A fun and easy way to get people involved in your rides (be they mountain or road) is to come up with a theme. A theme adds an element of fun, helps to build relationships, and can take the pressure off of riders who are worried about keeping up with faster, more competitive cyclists.
Since cyclists generally love to eat and drink, starting, stopping at, or ending your ride at a favorite coffee shop, bakery, food cart, or brew pub gives people something look forward to — as well as a way to socialize before, after, or during the ride. It also gives cyclists who’ve been off their bikes (due to injury, illness, or time constraints) a chance to catch up with and maintain their connection to the group.
While many café and coffee shop owners love being the meeting place for cycling groups, make sure your riders won’t be tying up valuable parking space throughout the duration of the ride — the owner may resent this. Some shops also appreciate a heads up that you expect to bring in X number of cyclists in for food or drink at a specific time — they may staff up on your account. And, if you develop a long-term relationship with the shop, they may offer your group a club discount!
Ending a ride with a meal and a glass of wine or beer is a wonderful way to celebrate an afternoon or early evening ride — plus it gives riders a chance to talk about more than that hill they just climbed. Bend Area Cycling Enthusiasts (BACE) offer a weekly Martini Monday ride that is popular as much for the social aspect as for the riding. The Bend Bella Cycling Club did a spin off on the idea, offering a Margarita Monday ride, that ended with a dose of tequila and a dash of lime.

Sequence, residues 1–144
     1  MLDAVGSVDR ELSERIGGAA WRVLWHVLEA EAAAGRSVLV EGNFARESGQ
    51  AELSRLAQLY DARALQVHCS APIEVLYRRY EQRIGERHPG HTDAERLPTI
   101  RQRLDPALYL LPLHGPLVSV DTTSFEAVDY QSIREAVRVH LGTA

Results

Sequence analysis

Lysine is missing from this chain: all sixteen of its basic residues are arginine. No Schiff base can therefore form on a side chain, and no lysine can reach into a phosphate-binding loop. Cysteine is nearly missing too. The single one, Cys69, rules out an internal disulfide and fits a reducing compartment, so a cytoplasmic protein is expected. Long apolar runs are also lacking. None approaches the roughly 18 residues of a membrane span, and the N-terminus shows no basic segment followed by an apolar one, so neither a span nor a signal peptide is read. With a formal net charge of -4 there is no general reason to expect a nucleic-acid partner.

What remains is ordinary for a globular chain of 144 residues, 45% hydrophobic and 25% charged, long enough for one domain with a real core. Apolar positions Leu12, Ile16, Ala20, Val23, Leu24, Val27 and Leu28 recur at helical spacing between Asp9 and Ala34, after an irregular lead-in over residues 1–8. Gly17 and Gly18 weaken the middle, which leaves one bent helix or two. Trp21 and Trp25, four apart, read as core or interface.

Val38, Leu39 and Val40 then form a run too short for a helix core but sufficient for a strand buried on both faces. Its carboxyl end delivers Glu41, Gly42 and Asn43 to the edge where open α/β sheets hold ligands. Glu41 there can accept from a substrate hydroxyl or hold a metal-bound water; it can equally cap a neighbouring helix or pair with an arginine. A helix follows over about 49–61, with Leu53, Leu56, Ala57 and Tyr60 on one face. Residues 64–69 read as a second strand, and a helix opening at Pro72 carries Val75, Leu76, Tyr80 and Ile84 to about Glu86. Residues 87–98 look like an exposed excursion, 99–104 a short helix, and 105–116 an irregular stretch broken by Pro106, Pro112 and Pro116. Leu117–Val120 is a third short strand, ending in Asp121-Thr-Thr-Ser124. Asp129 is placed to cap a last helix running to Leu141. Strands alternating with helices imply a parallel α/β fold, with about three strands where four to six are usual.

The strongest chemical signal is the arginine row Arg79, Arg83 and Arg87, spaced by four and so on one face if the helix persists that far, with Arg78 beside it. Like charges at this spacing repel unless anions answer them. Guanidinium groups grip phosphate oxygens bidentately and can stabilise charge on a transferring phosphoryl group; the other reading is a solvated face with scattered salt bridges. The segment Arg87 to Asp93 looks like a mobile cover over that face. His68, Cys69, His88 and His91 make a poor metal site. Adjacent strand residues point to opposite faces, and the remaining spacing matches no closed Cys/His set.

The Bella’s also do a great early-season road ride that ambles through town, stopping at bakeries. This is really popular with cyclists who are still finding their legs after a winter of indoor spinning and other workouts. The group gets to reconnect in a fun, non-competitive environment while eating tasty cookies, croissants, and cupcakes. The calories consumed are worth it!
For creative spirits, costumed rides can be tons of fun and you learn a lot about your friends by how daring they are with their costumes. Halloween, the 4th of July, and Christmas are all great occasions for decorating your bike and yourself and taking it to the streets. I’ve seen costumes that have ranged from gorgeous to hilarious. Add a strand of battery-powered lights to add flash and make yourself more visible on the road.
Rides that encourage spending time together out of the saddle can build relationships and strengthen friendships — making your cycling group a more fun, cohesive unit. Brainstorm with your favorite riding partners and see what kind of ride ideas you can come up with. The sky’s the limit.